Conditions under Which an Employee Has a Moral Obligation to Be a Whistleblower

The employee has a moral obligation to be a whistleblower if they realize that the firms’ actions will result in serious and considerable harm to other employees or society. Whistleblowing is a professional responsibility of the employee to society (Shaw, 2017). The organization aims to meet some of the social needs and make profits. Employees have their families and friends who might get affected by the organization’s irresponsible actions. For example, an employee might notice that the organization lacks a proper waste disposal mechanism. In addition, the organization directs most of its waste into the local river that the residents rely on for basic use. In such an instance, the employee realizes that the wastes directed to the river will have adverse health effects on the locals. The employee weighs between the organization and the community. The employee will have a moral obligation to raise the issue with the local authorities for action. If the employees keep quiet on the issue, the community gets affected and may develop health issues. It would be better for the employee to raise the issue and have the organization closed instead of letting the entire community get affected by the company’s irresponsibility.

Employees can consider whistleblowing if they are sure that the management or the authorities will take relevant actions to address the highlighted issue. The organization’s management might be unwilling to address a certain immoral issue within the organization. When an employee realizes that the management supports the illegal actions of the organization and that the local authorities are less likely to take action, it would not be justifiable to raise the issue openly (Shaw, 2017). Such an employee should consider quitting the organization and seeking employment elsewhere if they feel that their career development is affected by the organization’s activities. The process of offering a remedy to an immoral act is an important consideration for the whistleblower. It would be immoral for the employee to fail to highlight particular malpractice by the organization when they are sure that speaking out will result in the organization giving up on the malpractice.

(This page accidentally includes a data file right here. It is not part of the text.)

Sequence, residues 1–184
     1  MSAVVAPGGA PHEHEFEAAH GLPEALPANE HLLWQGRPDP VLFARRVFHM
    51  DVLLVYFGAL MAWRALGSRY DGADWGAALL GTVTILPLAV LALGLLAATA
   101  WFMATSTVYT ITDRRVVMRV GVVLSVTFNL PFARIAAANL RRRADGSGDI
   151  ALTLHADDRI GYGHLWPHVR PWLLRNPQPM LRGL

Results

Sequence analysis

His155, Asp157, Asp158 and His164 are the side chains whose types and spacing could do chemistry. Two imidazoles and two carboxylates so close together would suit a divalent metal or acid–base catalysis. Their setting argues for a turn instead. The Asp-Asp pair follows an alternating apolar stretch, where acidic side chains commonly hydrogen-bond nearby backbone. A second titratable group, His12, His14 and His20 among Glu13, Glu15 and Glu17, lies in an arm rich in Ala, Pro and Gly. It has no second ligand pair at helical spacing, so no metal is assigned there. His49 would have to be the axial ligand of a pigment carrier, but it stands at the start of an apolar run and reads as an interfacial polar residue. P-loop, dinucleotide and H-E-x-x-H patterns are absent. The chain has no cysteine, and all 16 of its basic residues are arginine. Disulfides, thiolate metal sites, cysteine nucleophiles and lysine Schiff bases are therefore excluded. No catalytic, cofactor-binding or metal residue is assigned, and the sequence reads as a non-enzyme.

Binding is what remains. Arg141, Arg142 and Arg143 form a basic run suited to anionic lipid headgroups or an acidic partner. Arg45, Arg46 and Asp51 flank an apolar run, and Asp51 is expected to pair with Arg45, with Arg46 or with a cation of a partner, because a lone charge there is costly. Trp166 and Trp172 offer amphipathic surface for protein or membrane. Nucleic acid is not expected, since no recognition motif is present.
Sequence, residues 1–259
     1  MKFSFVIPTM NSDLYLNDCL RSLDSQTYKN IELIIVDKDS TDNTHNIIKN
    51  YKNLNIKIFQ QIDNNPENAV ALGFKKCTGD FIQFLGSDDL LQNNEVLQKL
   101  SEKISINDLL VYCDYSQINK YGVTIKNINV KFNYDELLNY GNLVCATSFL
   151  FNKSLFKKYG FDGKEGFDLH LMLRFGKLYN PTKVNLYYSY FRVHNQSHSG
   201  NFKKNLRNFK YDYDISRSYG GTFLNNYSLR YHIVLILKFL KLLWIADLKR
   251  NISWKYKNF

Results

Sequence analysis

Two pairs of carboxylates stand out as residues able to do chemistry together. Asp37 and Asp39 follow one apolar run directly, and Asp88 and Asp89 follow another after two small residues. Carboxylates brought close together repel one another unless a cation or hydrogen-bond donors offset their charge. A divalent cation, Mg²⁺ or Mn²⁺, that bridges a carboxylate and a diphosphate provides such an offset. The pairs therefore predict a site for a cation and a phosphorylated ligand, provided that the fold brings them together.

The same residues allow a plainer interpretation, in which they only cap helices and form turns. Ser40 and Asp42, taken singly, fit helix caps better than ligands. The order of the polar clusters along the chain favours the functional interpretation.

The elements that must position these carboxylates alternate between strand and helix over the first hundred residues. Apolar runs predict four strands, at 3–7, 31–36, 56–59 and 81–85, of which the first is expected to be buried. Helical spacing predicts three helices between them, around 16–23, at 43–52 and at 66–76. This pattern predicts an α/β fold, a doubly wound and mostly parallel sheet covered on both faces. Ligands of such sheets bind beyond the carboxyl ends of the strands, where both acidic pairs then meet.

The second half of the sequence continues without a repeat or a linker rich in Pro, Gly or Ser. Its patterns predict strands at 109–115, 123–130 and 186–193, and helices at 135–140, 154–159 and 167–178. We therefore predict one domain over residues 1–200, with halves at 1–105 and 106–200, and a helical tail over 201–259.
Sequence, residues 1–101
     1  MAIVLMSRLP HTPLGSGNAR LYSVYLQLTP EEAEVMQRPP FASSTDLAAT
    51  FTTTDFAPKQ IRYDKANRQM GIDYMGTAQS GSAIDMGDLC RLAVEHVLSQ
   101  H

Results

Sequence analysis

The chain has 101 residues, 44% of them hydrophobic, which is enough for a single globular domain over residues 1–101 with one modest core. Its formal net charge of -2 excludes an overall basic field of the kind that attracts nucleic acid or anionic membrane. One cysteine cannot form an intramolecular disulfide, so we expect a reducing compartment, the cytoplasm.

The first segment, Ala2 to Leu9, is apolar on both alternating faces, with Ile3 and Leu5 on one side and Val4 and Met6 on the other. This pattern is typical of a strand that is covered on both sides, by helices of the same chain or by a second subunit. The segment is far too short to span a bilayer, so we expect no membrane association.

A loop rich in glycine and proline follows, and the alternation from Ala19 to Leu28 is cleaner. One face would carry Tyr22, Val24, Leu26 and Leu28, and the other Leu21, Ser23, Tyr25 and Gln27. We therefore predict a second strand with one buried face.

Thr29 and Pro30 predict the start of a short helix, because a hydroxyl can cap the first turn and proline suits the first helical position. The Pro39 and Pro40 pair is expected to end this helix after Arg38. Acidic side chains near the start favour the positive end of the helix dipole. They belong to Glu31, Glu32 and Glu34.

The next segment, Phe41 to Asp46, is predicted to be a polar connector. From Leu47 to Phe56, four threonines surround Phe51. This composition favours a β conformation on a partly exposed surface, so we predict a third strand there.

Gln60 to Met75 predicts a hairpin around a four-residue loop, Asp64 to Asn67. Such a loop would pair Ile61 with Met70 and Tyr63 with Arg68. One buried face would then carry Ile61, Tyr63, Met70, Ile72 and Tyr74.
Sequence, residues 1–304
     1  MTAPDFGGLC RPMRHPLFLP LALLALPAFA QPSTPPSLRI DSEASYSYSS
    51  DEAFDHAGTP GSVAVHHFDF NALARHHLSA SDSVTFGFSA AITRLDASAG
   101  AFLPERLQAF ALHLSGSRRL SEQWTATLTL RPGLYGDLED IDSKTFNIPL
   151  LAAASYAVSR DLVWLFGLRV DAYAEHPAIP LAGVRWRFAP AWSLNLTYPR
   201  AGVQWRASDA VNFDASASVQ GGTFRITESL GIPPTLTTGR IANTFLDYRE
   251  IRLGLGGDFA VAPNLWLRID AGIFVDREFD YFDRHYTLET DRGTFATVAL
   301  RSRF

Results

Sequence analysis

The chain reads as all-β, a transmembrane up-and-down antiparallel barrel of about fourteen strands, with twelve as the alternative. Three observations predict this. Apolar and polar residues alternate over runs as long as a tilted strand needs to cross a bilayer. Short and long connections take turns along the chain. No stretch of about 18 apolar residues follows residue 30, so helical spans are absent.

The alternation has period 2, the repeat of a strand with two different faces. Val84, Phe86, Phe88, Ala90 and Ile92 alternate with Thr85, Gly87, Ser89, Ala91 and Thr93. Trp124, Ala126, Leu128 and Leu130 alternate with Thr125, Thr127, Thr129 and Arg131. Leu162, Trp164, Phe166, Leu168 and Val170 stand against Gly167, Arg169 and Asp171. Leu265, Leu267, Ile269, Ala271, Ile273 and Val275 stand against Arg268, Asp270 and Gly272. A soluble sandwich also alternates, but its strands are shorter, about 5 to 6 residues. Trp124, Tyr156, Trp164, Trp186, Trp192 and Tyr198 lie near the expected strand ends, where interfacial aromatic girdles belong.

The employee has a moral obligation to be a whistleblower if they have compelling evidence that there are ongoing wrongful actions in the organization. In addition, the employer can raise an issue that occurred at one moment if such an issue is likely to affect the management, other employees, or the community adversely. Whistleblowing should not be made based on allegations (Shaw, 2017). The whistleblower must have the facts supporting their claims and be willing to prove to the management or authorities that their claims are true. The facts should include the nature of the wrongful act, the dates it occurred, the parties involved, and transactions. The whistleblower should avoid general statements that might make the case ambiguous. Being specific will help the authorities or the management address the issue swiftly and adequately. In addition, having the relevant evidence will be necessary for arguing the case in instances where the employee is victimized by the organization for whistleblowing.

If the employee has exhausted all the internal mechanisms set to address malpractice in the organization and the management has failed to take any action to address the issue, the employee has a moral obligation to be a whistleblower. They can consider reporting to the local authorities and highlight all the relevant facts concerning the case. Employees have a duty to maintain loyalty to the organization (Shaw, 2017). Loyalty involves making attempts to have issues settled internally before making them public. If the internal departments can handle the issue, the employee is prohibited from taking it up with the outside authorities. In some instances, management-sponsored malpractice cannot be handled internally. Employees have a moral obligation to report such issues to the authorities. If the risk associated with whistleblowing is significant, the employee should consider reporting anonymously.

When employees are confident that they have an appropriate moral motive, they are obligated to be whistleblowers. There must be an honest desire to expose unnecessary harm resulting from the organization’s malpractice (Shaw, 2017). The employees should ensure that their intention to expose the malpractice is not motivated by the desire to revenge or tarnish the name of the organization. Whistleblowing should be done with the intention to ensure the well-being of society and the organization. The employee should consider the objectives and goals of the organization before making a decision to be a whistleblower. They should first ensure that the malpractice will result in the organization’s goals not being met. The motive of the whistleblower should be to ensure the overall employee, management, and community wellbeing.